After an incredible debut album, rising pop powerhouse Rosie Lowe has upped the ante with YU. A tastefully diverse collection of moving arrangements, Lowe has delved deeper into her subconscious, pondering power struggles, religion and perspectives.
With a collection of A-list vocalists and London jazz prodigies spread across the album, Rosie Lowe has pushed her identity as a musician in unique and interesting ways. After YU dropped we caught up with the artist for a chat about religion, the power of perspective, and the musical side of psychotherapy.
“I tried to write a song from Eve’s perspective because you never hear Eve’s perspective”: we caught up with Rosie Lowe to dive into her latest album YU.
HAPPY: YU is a stunning album of self-inquest and power but even more so, a blend of varied influences. The contrast of vintage blues and jazz with modern pop is a beautiful confluence. Tell us a bit about this relationship.
ROSIE: Yeah, I’m really glad to hear that. When we were making music generally on this album it wasn’t ever a conscious thing that we would meld this music together. But I collaborated with Dave Okumu (The Invisible, Grace Jones, Kwabs, Jessie Ware) and he’s very much a come upper in jazz music. He’s like the funkiest guy I know. As a child a lot of my training was in jazz also but I’m really passionate about pop songwriting structure. I think it’s probably just Dave and I naturally coming together and our influences, even if they are subconscious, collaborating.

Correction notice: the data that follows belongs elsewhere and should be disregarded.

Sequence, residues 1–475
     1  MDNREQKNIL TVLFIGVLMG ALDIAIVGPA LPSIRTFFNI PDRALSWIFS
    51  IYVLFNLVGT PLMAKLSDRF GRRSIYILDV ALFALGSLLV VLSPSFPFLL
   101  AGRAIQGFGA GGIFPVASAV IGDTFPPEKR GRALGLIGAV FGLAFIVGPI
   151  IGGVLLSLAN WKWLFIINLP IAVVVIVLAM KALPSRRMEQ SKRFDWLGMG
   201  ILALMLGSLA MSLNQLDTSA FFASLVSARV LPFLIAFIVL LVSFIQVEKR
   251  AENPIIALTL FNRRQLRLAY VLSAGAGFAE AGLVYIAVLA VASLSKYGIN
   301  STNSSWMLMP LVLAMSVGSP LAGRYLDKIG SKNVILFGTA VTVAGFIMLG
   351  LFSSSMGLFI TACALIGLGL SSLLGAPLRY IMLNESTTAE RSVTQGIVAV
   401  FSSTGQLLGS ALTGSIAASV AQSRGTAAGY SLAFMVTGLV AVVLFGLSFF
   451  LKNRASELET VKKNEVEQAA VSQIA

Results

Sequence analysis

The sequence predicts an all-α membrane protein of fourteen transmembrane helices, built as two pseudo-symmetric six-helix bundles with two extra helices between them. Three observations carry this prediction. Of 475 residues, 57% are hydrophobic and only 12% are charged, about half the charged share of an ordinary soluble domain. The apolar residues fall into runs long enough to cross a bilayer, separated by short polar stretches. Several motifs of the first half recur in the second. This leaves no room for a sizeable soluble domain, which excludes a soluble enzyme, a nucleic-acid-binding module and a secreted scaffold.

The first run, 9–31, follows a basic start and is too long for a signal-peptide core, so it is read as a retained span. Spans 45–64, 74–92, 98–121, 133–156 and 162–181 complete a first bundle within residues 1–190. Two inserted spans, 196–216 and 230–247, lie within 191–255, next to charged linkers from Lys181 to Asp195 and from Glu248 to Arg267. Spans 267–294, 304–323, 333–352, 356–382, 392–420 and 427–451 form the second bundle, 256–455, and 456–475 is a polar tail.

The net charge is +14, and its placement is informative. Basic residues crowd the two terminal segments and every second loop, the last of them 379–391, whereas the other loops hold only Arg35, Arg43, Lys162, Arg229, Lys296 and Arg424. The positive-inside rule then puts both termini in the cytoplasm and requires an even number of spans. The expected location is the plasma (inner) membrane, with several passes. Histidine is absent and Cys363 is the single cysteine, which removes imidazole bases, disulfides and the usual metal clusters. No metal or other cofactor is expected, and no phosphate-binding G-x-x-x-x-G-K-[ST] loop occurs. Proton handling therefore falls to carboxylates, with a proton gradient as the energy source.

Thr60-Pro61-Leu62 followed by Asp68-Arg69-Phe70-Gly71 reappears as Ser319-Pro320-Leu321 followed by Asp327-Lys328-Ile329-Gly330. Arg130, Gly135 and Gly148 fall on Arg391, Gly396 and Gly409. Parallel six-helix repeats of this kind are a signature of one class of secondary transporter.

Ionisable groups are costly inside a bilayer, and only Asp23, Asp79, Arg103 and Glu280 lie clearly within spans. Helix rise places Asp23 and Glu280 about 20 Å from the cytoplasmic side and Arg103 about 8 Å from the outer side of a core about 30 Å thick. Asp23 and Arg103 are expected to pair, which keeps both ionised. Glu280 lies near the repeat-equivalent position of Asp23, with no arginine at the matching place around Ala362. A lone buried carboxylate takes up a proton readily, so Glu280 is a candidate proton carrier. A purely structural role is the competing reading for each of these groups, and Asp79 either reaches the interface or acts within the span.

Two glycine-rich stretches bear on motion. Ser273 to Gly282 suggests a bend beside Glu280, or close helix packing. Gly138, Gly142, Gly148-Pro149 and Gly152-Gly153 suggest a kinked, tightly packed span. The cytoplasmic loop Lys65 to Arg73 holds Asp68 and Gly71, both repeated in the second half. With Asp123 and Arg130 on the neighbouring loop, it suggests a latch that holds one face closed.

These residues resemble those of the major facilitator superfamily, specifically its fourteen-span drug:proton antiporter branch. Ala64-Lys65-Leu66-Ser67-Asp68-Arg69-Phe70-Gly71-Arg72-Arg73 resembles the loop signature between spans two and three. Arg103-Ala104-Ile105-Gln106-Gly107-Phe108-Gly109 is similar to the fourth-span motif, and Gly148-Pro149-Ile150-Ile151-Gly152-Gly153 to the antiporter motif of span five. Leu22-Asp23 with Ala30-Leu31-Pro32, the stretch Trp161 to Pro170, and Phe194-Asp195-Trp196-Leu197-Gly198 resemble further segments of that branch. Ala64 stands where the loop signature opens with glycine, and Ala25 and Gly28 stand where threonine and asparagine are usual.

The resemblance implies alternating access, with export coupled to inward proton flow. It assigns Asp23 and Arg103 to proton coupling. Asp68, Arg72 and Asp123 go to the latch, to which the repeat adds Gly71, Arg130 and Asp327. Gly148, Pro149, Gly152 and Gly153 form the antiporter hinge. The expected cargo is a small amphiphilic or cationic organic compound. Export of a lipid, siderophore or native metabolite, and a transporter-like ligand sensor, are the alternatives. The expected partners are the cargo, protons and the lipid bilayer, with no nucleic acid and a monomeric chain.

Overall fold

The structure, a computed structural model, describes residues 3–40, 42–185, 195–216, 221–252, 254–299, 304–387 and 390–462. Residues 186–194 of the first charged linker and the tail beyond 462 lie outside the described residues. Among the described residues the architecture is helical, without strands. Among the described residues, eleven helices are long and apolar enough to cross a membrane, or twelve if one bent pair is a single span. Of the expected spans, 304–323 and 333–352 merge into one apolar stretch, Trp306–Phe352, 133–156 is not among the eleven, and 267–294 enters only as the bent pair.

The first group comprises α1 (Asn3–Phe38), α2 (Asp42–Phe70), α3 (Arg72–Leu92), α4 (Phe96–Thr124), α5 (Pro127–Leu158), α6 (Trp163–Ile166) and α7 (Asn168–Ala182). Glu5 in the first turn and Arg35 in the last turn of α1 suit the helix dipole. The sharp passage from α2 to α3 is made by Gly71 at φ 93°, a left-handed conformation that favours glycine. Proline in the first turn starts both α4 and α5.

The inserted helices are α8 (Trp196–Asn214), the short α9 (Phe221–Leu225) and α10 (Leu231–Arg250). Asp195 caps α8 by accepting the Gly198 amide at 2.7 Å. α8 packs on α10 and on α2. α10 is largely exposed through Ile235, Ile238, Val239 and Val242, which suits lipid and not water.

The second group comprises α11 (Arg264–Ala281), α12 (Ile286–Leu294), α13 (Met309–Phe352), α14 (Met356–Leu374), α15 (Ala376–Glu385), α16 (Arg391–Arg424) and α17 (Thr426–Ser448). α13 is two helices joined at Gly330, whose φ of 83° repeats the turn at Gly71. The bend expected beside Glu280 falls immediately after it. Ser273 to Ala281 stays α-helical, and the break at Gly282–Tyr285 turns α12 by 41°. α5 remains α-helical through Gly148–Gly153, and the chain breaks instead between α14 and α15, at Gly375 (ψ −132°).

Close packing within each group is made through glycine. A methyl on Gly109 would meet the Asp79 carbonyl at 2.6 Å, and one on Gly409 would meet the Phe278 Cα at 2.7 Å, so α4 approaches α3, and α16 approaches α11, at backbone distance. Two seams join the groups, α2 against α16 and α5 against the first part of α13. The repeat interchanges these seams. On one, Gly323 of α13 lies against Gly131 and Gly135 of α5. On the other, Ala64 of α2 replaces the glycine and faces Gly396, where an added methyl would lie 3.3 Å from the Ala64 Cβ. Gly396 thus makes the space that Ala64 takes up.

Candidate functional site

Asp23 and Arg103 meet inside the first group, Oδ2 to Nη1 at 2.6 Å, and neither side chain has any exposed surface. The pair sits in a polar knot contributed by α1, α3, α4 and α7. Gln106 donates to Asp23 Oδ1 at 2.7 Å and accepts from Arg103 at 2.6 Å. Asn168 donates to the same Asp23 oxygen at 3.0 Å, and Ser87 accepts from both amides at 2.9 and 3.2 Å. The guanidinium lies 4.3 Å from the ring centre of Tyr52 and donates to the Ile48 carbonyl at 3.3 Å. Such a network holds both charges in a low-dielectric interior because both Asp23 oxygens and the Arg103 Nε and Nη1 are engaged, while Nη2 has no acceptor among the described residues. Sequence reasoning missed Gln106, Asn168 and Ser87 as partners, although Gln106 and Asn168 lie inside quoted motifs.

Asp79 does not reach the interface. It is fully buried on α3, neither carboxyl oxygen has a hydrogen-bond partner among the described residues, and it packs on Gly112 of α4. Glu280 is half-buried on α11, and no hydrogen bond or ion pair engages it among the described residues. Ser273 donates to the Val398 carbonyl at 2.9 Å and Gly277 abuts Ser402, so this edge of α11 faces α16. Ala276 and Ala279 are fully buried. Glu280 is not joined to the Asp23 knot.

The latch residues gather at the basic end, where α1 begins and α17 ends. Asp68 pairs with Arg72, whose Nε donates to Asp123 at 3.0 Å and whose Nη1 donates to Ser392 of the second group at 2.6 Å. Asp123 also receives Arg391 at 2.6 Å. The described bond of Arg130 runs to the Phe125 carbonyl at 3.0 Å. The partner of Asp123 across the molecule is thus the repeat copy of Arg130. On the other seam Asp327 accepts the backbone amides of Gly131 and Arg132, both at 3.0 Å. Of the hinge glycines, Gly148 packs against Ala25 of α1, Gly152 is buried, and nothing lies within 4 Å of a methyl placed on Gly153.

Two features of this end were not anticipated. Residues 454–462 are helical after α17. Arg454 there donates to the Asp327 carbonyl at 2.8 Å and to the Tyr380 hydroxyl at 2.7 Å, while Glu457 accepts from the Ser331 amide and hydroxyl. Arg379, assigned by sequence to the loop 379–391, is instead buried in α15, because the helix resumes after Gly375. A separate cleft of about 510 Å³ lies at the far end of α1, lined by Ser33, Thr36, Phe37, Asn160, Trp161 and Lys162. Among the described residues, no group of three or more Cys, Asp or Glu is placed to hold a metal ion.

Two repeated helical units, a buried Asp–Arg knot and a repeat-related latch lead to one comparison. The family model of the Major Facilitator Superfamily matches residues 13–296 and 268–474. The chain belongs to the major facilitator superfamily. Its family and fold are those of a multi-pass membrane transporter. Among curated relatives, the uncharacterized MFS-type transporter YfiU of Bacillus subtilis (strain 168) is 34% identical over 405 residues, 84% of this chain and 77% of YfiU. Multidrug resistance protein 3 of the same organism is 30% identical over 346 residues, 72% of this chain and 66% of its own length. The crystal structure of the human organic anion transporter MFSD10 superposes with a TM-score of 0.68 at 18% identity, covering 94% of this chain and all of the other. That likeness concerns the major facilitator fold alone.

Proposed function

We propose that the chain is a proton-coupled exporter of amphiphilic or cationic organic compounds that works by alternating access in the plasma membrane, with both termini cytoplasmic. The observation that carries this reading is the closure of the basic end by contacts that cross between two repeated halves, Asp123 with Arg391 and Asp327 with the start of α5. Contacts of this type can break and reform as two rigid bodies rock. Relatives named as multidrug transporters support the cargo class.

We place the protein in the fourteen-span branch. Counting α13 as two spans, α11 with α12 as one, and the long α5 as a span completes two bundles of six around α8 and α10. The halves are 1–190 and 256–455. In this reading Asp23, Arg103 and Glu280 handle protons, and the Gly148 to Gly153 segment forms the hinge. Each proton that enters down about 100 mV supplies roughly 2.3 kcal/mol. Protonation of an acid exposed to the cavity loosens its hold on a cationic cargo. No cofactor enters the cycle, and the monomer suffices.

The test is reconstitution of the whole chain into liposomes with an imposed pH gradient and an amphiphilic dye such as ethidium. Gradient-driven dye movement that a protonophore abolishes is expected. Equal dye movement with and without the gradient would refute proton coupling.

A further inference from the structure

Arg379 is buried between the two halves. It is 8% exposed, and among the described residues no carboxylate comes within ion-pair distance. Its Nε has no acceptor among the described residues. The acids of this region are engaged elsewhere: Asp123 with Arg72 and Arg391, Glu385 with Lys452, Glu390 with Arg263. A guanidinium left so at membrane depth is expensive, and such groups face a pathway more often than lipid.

HAPPY: I love Birdsong and how it describes that singing you hear at the crack of dawn. Everybody has a different relationship with those bird sounds. How do you feel when you hear the birds sing in the morning?
ROSIE: It’s the most comforting sound in the world. I grew up in the deep countryside of Devon in the South West of England and those sounds, especially of particular birds, really make me feel like I’m home and I’m safe. To me it’s the best feeling in the world, unless I’ve been on a night out and I’m walking home and I hear the birds, then I hate the birds. When I was younger I had quite bad insomnia from an early age, so the bird song is something I have hear quite a lot through my life, particularly the dawn. But it has never felt like an anxiety driven thing, it has always felt like a comfort within my moments of silence.
HAPPY: As a student of psychotherapy, does a deeper understanding of neurological pathways and treatment of disorder allow you to analyse yourself under the musical microscope?
ROSIE: One thousand percent, I’ve only just started on a long path of training. I’ve got four more years until I’ll be qualified. But it has made a really big difference, it’s meant that I have been able to recognise my musical anxieties in a deeper way and it has given me a structure to deal with it, instead of suppressing. It also means I now hold myself accountable in ways that I didn’t before, when you don’t really understand or you’re not going deeper into yourself it’s very easy to ignore things or brush them aside, but in my study you really can’t do that because you have to be very present with yourself. So it has allowed me to tackle my own faults head on and push myself in ways that feel scary because that’s okay.
HAPPY: Does this forensic approach to the mind make it hard to turn off?
ROSIE: No not really, it’s funny when people hear that you are studying psychotherapy they think you are analysing them all the time and it’s absolutely not the case. I guess it has made me more inquisitive to look into myself but I’m still very early in my training. My way of switching that stuff off, ironically, is making music. When my mind feels busy or I’m overthinking, I just write and it helps calm me and switch that side of my mind off.